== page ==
Insider’s Guide to (beer) Festivals in Germany

Volksfest, Frühlingsfest, Altstadtfest and almost anything ending in the word fest in Germany equals one thing to a foreigner (like myself) and that’s a beer festival. Whilst such festivals are not (necessarily) celebrating beer but Das Volk (the people), Der Frühling (the spring) and Die Altstadt (The old town) one of the constituent parts of any festival for the grown ups is beer, and the experience of a German beer festival is one that you won’t forget.

How to get there

Don’t drive. Germany has wonderful public transport network and festivals will generally be easily accessible without the need for a car.

Check out the Deutsche Bahn for deals like the Schönes-Wochenende and Quer-durchs-Land tickets and also look at the local operators like VVS (Baden Württemberg) and VGN (Bavaria) for special deals.

What to wear

Tracht. When else to you get to crack out some Lederhosen (leather shorts with braces) or a Dirndl (an immensely flattering yet milk maid-esque dress with a frilly shirt)?

Practical footwear, believe me you’ll see a lot more flats than heels at a beer festival and an awful lot of converse. This is not the time to wear stilettos or flip flops, lots of people mixed with lots of beer and your feet could end up black and blue.

Wear anything you are comfortable in and it’s a plus if you can wash sweat, beer and vomit off it if necessary. Or something that doesn’t need to be washed like your lederhosen!

A small cross body bag that zips or closes securely is really useful, the table and floor aren’t places you want to rest your bag and you won’t lose it in a crowd.


Your beer will be served by the litre or ‘Maß’ in a stone or glass mug, you will pay a deposit (pfand) for the mug which you will receive back on its return.


Weissbier/Weizen (wheat beer) a cloudy alternative to the beer served by the Maß, will usually be served in 0.4l or 0.5l measures.

Radler is a refreshing alternative to a full beer. Half beer and half lemonade and served by the Maß these are not just for girls! The only indication of what is inside your Maß is sometimes a straw, you can get rid of the straw and no one will be any the wiser.

Wein/Weinschorle, if beer just isn’t your thing wine is your alternative and the most refreshing way to drink it is as a schorle. A 0.5l serving mixed with lemonade for a Suß and sparkling water for a Sauer. Red and white are common, rosé isn’t.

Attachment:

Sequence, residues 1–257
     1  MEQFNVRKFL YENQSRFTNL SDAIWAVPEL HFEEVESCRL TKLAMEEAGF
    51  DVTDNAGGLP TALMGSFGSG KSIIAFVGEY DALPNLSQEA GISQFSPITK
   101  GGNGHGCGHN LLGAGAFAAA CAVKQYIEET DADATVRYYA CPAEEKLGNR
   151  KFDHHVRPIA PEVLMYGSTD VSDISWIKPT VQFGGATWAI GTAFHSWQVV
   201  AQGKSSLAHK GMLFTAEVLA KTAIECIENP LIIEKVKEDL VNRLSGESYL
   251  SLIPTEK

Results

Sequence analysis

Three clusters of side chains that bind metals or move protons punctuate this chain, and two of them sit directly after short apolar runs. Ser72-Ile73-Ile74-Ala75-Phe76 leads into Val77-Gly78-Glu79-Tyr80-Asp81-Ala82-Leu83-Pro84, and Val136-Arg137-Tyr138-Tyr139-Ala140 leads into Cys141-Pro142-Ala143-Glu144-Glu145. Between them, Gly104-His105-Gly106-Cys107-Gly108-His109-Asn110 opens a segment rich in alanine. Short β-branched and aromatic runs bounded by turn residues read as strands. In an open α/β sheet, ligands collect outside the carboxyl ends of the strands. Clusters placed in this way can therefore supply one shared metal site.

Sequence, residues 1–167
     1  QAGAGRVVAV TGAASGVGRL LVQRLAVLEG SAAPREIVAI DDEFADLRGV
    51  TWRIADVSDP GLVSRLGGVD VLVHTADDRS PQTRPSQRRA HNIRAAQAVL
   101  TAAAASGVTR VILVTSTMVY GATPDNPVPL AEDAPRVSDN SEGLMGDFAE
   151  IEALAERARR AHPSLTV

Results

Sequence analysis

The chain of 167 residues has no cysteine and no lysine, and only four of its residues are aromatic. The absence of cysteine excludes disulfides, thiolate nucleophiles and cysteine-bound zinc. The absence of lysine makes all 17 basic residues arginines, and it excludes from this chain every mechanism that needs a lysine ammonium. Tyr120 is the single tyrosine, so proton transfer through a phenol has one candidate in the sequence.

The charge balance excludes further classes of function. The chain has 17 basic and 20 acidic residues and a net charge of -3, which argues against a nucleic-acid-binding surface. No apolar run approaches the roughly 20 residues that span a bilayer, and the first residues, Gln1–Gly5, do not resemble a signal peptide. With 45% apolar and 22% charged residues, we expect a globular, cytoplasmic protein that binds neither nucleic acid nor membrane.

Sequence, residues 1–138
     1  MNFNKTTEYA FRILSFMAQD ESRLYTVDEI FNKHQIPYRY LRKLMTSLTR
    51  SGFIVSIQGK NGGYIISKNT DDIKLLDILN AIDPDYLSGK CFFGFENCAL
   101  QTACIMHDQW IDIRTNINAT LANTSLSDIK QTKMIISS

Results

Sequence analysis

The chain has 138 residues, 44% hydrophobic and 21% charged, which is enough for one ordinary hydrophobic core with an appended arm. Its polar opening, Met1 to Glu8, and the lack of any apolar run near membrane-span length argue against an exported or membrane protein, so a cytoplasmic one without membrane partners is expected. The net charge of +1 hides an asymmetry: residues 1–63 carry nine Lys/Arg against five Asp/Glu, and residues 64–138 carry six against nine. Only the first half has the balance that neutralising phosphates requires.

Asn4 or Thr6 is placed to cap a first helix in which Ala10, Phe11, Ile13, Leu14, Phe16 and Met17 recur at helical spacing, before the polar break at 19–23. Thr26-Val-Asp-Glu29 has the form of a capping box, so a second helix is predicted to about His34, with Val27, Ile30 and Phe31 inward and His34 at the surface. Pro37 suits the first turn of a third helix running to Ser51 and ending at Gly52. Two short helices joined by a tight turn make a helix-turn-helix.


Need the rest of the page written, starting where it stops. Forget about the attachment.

Apfelschorle is a delicious mix of apple juice and sparkling water, served by the 0.5l measure or sometimes the Maß if the weather is hot.

Sparkling drinks rule at beer festivals, flat alternatives can be hard to find.


Take plenty of cash. Festivals can end up being expensive and even if there is a cash point nearby odds are it will run out of money pretty quickly.

Don’t forget to add a pfand (deposit) onto of the advertised price, when you return the mug you get your pfand back. Additionally, if someone else returns it they will get your pfand back, be wary of strangers looking to take advantage.


Beer at festivals is likely to be stronger than average, pace yourself (and eat).

Dance on the bench all you want but don’t dance on the table, it’s bad form and likely to get you shouted at by security.

Be prepared to share, your beer benches that is, festivals can get pretty cozy especially in the evenings and on weekends. Time to leave your personal space at home.


Check out the ‘Anstisch’, the tapping of the first barrel and official opening of the festival, the first couple of barrels get given away for free, you might get lucky particularly at a smaller festival.

Eat the food, look out for local specialities like Schweinhaxe and Obatzda in Bavaria and Spätzle in Baden Württemberg, and there is always roast chicken and chips for the less adventurous.

Rounding up the price when paying is an excellent way to avoid ending up with a whole load of change at the end of the day. And your server will be happy with the trinkgeld (tip).

If you are visiting with a large group, go early, lots of seating can be hard to come by later in the day.


For groups visiting larger tented beer festivals eg.Oktoberfest and Cannstatter-Volksfest it is advisable to book tables, generally this happens by purchasing tokens which are redeemable for food and drink, your seats are guaranteed this way and you can choose which tent (and most importantly which kind of beer) will suit your group best.

If you want to take photos with an expensive camera, go early. Later on take something that fits in your pocket and that you wouldn’t be distraught if it got damaged.


Festivals in Germany are generally very family friendly but if you will be taking the family, kids or even just people who aren’t into drinking it’s worth doing a little research about the particular festival you are planning on going to. Going early and on family days (Familientag) are good ways to keep everyone happy, later in the day festivals tend to get more raucous.

There isn’t just beer available at Festivals, there is plenty too for the non drinkers. Rides and amusements are a big part of any festival, there are plenty for littles and big kids too!

More on wine festivals later 😉

2 thoughts on “Insider’s Guide to (beer) Festivals in Germany

  1. theepowerofgood says:

    The Australian Consulate in Munich used put out a desk in their front office during Oktoberfest just to deal with drunken Australians that lost their passports and needed emergency travel documents to get home.

    Beer Festive Pro Tip for travellers – Put your passport in a place that you, even at your drunkest, can’t misplace.

Leave a Reply